Go ahead. Mock We Will Rock You, the Queen- based musical that’s just ending its 12-year original run in London and is only now seriously coming stateside.
But every joke you’re likely to make about how silly this show must be is already in the show.
A more amiable, more self-deprecating, more disarming rock musical has seldom been produced. We Will Rock You has no message. It’s not Rent (AIDS) or Hair (War) or Hedwig (love) or Hairspray (equality). It’s mostly Rocky Horror, with a little Urinetown thrown in. If there’s any deep meaning to be had in the show, it’s a vested interest in the people’s right to rock out.
New Haven’s lucky to have We Will Rock You. The musical winds up a run at the Shubert with two shows Sunday.
Despite running for 12 years in London and touring successful through several continents, the show has never been on Broadway. This is its first U.S. tour.
The book, by British comedian and novelist Ben Elton (who wrote for the classic BBC series Black Adder, Mr. Bean and The Young Ones) has been extensively reworked for American sensibilities. There’s talk that the show is (finally) laying the groundwork for a New York run. If so, the Shubert can boast of yet another show that played there before it went to Broadway.
So is We Will Rock You good? Not particularly. But it does indeed do its utmost to rock you, and that counts for something.
Even better, it refuses to take itself seriously. The science-fiction plot, about the quest for a legendary lost “axe,” is strained and insensible. (“The Bohemians will never achieve their rhapsody!”) Most of the jokes consist of famous rock lyrics used as dialogue. (“Baby, we were born to run.” “Oops, I did it again.”)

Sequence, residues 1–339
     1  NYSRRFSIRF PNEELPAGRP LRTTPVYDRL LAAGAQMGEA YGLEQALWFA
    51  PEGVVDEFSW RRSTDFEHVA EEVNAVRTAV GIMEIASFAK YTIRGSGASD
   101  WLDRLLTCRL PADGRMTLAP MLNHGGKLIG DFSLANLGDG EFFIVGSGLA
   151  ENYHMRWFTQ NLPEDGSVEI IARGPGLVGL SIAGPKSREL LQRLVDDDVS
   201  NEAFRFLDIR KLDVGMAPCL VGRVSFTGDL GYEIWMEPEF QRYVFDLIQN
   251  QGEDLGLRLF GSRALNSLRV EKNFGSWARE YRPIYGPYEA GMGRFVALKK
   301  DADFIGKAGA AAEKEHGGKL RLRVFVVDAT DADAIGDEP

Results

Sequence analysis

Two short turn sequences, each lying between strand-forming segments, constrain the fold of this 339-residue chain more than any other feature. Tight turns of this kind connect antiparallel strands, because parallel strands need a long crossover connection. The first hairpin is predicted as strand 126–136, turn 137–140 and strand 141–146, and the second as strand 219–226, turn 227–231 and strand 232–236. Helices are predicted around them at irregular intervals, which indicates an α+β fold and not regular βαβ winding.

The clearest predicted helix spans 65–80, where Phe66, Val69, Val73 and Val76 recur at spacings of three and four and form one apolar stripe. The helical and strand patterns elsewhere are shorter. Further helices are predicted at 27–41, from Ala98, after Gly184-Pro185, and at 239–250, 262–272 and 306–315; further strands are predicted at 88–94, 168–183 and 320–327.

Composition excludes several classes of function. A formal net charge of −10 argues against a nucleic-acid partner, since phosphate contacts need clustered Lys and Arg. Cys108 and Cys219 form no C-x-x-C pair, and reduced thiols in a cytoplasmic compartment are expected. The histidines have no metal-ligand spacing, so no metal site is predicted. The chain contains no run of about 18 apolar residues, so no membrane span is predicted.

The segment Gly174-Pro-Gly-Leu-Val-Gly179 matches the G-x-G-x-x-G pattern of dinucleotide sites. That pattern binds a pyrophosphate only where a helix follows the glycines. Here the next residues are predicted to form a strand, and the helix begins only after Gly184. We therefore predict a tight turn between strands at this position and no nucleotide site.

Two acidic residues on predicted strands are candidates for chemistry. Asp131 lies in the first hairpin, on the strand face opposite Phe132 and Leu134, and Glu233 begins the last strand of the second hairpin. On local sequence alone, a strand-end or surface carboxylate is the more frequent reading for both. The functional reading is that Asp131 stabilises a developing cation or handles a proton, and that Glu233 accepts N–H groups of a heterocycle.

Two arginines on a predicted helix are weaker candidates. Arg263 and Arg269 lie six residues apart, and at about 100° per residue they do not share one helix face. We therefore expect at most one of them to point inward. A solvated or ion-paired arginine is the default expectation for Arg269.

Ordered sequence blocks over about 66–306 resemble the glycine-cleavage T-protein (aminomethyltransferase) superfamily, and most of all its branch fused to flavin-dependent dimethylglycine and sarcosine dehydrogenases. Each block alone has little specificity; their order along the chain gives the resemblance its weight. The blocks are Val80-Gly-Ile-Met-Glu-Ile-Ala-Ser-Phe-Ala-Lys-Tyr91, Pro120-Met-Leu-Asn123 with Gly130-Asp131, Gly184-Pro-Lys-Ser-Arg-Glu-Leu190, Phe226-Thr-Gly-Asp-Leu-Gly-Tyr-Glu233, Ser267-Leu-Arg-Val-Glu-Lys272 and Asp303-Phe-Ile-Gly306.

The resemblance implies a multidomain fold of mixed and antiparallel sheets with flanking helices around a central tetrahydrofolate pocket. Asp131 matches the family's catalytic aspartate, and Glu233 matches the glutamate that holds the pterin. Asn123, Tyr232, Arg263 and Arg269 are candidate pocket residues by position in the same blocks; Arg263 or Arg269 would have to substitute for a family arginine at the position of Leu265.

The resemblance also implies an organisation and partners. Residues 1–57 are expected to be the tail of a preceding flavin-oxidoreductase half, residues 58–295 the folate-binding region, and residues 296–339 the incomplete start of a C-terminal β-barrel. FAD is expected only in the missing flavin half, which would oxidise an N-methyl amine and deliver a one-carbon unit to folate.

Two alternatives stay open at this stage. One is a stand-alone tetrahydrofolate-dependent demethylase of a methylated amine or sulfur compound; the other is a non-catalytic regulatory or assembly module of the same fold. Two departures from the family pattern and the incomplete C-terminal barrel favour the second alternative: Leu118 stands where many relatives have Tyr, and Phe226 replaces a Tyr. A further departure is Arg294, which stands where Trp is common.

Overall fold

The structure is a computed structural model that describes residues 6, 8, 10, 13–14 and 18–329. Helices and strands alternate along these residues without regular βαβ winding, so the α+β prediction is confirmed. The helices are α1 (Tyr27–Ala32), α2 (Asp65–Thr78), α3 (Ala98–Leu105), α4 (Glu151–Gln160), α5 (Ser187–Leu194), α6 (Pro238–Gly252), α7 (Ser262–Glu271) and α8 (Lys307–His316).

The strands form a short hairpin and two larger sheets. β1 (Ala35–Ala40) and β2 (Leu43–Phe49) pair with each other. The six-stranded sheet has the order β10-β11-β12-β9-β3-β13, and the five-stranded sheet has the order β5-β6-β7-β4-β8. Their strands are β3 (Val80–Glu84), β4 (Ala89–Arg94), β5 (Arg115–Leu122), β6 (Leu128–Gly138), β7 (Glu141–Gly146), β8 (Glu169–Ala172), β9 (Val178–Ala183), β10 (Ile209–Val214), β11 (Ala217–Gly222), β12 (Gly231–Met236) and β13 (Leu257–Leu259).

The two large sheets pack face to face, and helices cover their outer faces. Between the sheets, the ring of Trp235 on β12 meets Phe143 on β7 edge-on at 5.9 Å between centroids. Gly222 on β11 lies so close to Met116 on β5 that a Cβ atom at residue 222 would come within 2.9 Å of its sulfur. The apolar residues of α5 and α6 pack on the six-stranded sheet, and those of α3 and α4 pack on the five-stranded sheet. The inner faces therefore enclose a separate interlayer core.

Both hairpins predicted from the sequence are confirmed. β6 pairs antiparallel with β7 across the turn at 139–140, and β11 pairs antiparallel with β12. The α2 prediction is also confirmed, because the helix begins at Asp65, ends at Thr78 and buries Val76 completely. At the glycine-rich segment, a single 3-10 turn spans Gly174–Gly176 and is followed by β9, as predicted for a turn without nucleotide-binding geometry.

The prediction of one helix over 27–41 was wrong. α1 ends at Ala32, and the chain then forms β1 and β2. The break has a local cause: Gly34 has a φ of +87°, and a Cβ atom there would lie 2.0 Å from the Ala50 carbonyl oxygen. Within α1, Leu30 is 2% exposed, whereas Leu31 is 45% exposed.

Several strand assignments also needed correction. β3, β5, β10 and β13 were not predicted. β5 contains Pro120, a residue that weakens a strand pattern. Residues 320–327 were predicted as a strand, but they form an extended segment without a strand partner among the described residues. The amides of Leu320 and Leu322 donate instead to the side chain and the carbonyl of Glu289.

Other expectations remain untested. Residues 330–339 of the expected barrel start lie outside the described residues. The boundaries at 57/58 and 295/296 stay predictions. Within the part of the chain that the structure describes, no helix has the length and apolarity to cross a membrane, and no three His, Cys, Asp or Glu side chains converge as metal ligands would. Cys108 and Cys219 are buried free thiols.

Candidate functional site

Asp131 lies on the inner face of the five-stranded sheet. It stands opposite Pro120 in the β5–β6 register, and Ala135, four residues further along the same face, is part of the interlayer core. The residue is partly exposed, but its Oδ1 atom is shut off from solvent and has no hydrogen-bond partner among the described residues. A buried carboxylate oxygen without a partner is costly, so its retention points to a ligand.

On the other hand, great care is taken to make Queen’s rarefied, orchestrated rock songs work in a theater setting. There’s a seven-piece band on scaffolding above the stage, dressed in black and looking cool. The vocalists can sing in approved ‘80s rock style, where the words are clear and the notes are hit but there’s some added sweaty urgency to make it seem real.
Those of us who remember Brian May appearing at New Haven’s Palace Theater (directly across College Street from the Shubert) in 1993 might not have seen this as the future of the band. In ’93, Freddie Mercury had been dead for two years and appeared irreplaceable. Most of the band’s catalogue already seemed dated. May could tour, but it was a show of guitar theatrics and thin vocals, not a Queen experience. It was hard to see how the spirit of the old Queen would ever be renewed.
It takes We Will Rock You, a flashy storyline, a 14-member chorus (including a subset of “fat-bottomed girls”), big special effects (“Thunder and lighting, very very frightening me,” quoth the sidekick character Buddy at a climactic scene set in, of all places, Graceland), and several intense vocalists to equal the sheer theatricality of one Freddie Mercury. But We Will Rock You puts its game face on, pumps the air with its fists, and creates its own curious excitement. The show’s turn-off-your-cellphones warning ends with the exclamation, “Are you ready to rock?!” At one point a character screams “Hello New Haven!,” concert style. Corporate music is derided, and there are instead paeans to “kids making music in their garages, doing it themselves.”
Sure, these outbursts stretch credulity in such a finely tuned, overwrought, shimmering and slick piece of musical theater. But sparks of passion are found throughout this contrived Queen delivery device, and they connect mightily with much of the audience.
The first of We Will Rock You’s five-performance stand at the Shubert appeared to be completely sold out. The audience ranged from young children to the elderly—nearly all of whom were waving their arms to “We Are the Champions” and cheering for an encore once that ridiculous “axe” had been found and the part-Orwell, part-Footloose plot had been put to rest.